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Potential effects of climate warming on the survivorship of adult Monochamus galloprovincialis

David G., Giffard B., Piou D., Roques A., Jactel H.. 2017. Agricultural and Forest Entomology, 19 (2) : p. 192-199.

Ecologists have explored widely the consequences of climate change on insect species distribution and fitness. Although most studies have assessed the effect of increasing mean temperatures on individual performances, the response to temporal thermal variations, including the magnitude and frequency of extreme temperatures, has often been overlooked. In the present study, we hypothesized that insect performances increase with increasing mean temperatures but decrease under more variable thermal conditions. We used a manipulative experiment to compare the longevity and weight variation of Monochamus galloprovincialis (Coleoptera: Cerambycidae) under three climatic conditions in which the mean and variance of daily temperatures were both controlled. This insect is vector of the invasive nematode, Bursapheluncus xylophilus, which is the causal agent of the pine wilt disease, one of the major threats to pine forests in Europe. Our results showed that an increase of 2.5 °C in average temperature had no effect on the survivorship and weight variations of the beetle. By contrast, larger fluctuating variations of temperature across year resulted in significantly lower longevity, whereas weight remained unchanged. The results of the present study suggest that the effect of global warming on the survival of M. galloprovincialis is likely to be driven by change in temperature stability rather than by change in mean temperature.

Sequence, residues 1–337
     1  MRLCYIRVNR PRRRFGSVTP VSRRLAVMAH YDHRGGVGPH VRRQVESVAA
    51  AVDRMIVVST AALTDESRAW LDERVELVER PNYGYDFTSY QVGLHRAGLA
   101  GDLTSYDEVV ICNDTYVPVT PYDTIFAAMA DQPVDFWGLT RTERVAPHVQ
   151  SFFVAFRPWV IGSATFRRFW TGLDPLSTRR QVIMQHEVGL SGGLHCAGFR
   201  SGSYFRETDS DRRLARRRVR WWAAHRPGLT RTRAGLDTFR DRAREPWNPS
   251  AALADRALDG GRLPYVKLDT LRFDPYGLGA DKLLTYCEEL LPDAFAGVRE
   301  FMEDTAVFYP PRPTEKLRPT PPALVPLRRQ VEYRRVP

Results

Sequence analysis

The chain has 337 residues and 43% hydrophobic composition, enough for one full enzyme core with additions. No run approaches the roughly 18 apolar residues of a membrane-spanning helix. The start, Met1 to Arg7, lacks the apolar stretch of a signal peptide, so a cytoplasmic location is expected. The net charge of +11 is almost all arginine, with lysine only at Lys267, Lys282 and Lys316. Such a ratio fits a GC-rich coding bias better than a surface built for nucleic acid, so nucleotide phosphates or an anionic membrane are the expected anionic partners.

Mots-clés : dépérissement des forêts; changement climatique; distribution des populations; nematoda; Écologie; monochamus; pinus pinaster; france; aquitaine; bursapheluncus xylophilus; monochamus galloprovincialis

Thématique : Dégâts causés aux forêts et leur protection; Ravageurs des plantes; Météorologie et climatologie

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